Register Forgot login?

© 2002-2016
Encyclopaedia Metallum

Best viewed
without Internet Explorer,
in 1280 x 960 resolution
or higher.

If you like church, you'll love this - 88%

gasmask_colostomy, June 23rd, 2016

Never exactly ones to struggle when it comes to producing atmosphere, Funeral have, since almost the very first note of their recorded output, swamped their music with a suffocating, despairing aura that captures the listener and steals them away from the world in which they live. However, 'Oratorium' represents a departure from the Norwegians, toning down the hopelessness of earlier works and working significant differences into the gothic doom of later albums like 'From These Wounds'. Kudos to Funeral though for changing their formula and coming up with something both stirring and original.

What will strike the listener as soon as 'Burning with Regret' drops open its mouth is that the scale has been increased almost exponentially in terms of both atmosphere and bombast, so that there isn't anything subtle left about the music, but the whole thing just steamrolls across the mind like a juggernaut out of hell. Everything is turned up to insane levels of intensity, from the force of nature vocals to the keyboards that exude terrible menace and earth-shaking power. There's a lot of organ used in songs like 'Break Me' that cause the song to remain at absolute crescendo for several minutes on end, especially as the vocals are being howled out like a thousand-strong curse hurled into the wind, so that we don't receive the melancholy of funeral doom but instead a kind of grandiose feeling of happening disaster (as opposed to imminent disaster). The image I get when listening to this album is of a supernatural historian standing on top of a cliff during a storm and commentating as the emperor's fleet is ransacked and driven asunder on the rocks, men drowning all around. Trust me when I say this is really dramatic.

Then again, that atmosphere with the quasi-choral voice of Sindre Nedland chanting oaths in deep register and thunderous organ and orchestral parts crashing overhead sounds a lot like church. Naturally, the whole thing is moving slowly - we expect sluggishness from Funeral - and the band have returned to the more gradual pace of their early days for much of this album, though it has a marching, ritual quality that also conjures images of a priest making his slow way to the altar while waving a censer, the music of revelation swelling up inside the tall building. If you've ever visited somewhere like the Notre Dame cathedral in Paris (or any other huge church) and heard the organist really giving the keys a pounding at full volume, the effect is much the same as Funeral attain here, particularly on the first part of the album, where it feels like the sky is about to open and Christ's resurrection will commence even as you watch. The first three songs have the largest dose of this feeling, with more passionately driven lyrics that contain a powerful bitterness; the latter half of the album does continue the trend in places, though the final two tracks especially feel more like a lamenting goodbye than the struggle to cling on with nails and teeth.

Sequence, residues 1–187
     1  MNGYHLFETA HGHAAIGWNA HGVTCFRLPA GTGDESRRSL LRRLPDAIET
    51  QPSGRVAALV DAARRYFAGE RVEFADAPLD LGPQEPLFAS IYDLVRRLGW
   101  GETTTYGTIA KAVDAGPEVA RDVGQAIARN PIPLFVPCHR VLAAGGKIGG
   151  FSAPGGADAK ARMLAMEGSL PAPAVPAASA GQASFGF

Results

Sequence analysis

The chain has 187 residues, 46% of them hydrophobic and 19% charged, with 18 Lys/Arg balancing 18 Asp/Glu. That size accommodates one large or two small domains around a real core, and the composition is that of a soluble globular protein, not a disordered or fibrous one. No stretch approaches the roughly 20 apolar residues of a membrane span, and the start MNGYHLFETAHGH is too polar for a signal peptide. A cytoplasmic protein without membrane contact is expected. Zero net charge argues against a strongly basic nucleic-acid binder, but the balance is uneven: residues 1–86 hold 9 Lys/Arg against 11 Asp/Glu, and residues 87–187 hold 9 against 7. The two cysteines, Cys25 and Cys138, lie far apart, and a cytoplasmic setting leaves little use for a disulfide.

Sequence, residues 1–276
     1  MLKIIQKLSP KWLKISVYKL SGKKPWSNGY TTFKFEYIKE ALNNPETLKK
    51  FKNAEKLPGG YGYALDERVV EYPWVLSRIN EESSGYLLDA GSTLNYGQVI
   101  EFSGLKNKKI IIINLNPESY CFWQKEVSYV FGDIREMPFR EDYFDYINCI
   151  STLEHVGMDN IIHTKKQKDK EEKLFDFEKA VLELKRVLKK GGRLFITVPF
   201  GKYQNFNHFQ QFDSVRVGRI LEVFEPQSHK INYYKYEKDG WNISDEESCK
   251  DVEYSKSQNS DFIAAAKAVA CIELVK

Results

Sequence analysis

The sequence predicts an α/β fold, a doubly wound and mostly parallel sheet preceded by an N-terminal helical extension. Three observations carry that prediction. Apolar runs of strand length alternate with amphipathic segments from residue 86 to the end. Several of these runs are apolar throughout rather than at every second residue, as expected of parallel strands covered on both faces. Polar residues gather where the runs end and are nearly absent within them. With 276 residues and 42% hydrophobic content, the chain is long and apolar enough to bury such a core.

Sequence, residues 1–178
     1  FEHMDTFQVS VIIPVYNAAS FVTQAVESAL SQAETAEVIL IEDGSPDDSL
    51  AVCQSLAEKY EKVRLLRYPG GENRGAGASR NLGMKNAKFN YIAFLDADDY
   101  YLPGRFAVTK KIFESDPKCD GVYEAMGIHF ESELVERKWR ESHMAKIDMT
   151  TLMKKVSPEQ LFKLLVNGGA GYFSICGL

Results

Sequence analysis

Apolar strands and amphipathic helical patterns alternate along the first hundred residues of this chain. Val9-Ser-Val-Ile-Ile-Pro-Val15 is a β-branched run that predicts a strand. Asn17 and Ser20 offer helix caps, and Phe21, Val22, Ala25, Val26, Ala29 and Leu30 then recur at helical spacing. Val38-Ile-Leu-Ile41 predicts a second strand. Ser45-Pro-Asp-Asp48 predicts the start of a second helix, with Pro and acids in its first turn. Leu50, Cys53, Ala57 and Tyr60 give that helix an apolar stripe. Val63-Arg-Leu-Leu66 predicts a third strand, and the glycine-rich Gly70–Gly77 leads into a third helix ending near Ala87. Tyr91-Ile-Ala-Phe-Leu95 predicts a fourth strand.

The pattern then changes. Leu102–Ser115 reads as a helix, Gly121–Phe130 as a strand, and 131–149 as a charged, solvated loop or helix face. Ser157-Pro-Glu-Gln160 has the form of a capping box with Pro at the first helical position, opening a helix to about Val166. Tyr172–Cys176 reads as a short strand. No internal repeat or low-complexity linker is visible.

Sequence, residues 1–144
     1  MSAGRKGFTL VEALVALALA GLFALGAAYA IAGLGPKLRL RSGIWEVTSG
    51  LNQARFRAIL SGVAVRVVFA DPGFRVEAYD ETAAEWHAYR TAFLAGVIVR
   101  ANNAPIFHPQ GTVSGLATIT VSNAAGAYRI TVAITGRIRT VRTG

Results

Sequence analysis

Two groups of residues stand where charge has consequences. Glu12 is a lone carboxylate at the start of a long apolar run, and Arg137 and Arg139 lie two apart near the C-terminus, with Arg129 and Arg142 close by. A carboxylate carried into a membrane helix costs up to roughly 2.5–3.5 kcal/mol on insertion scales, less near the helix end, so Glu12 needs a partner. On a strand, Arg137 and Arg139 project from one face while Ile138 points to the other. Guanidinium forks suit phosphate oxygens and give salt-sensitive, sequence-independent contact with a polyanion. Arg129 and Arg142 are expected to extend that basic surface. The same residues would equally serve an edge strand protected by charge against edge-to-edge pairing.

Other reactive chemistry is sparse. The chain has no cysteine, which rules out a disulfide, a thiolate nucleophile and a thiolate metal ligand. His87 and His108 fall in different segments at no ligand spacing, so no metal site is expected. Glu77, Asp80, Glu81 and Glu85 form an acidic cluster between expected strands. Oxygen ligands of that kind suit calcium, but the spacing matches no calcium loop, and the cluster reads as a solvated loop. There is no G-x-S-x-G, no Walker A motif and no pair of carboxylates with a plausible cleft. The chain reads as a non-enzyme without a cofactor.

As such, the density of the compositions wanes as 'Oratorium' goes on, leaving more room for the gradual melodies of the guitars to unfold and the songs to breathe more evenly. The interplay of guitars does leave a little to be desired at times, since they are either overshadowed by the orchestral parts or don't quite do enough to contrast the yawning declarations of Nedland's voice, which sometimes acts almost as a rhythm instrument, so deep and slow is it. There's a nice solo in 'Song of the Knell' and a great brooding riff that powers 'Hate' through its development, though the guitars are supporting more often than not and smothered at times. That said, if one wants an example of how to use keyboards in doom metal, I really can't think of anyone who has done it better, since the work by Kjetil Ottersen is practically flawless and certainly leaves the album with a much stronger character as a result.

For some older fans, the smaller focus on guitar work might be problematic, as might the change in atmosphere (though I would argue the mood is not dissimilar to Funeral's 00s output), but 'Oratorium' must be considered a success nonetheless. Not only does it make winning changes to the band's style, it also offers an enormously dramatic album that should captivate the listener almost from the first notes. There's not much more to ask than that.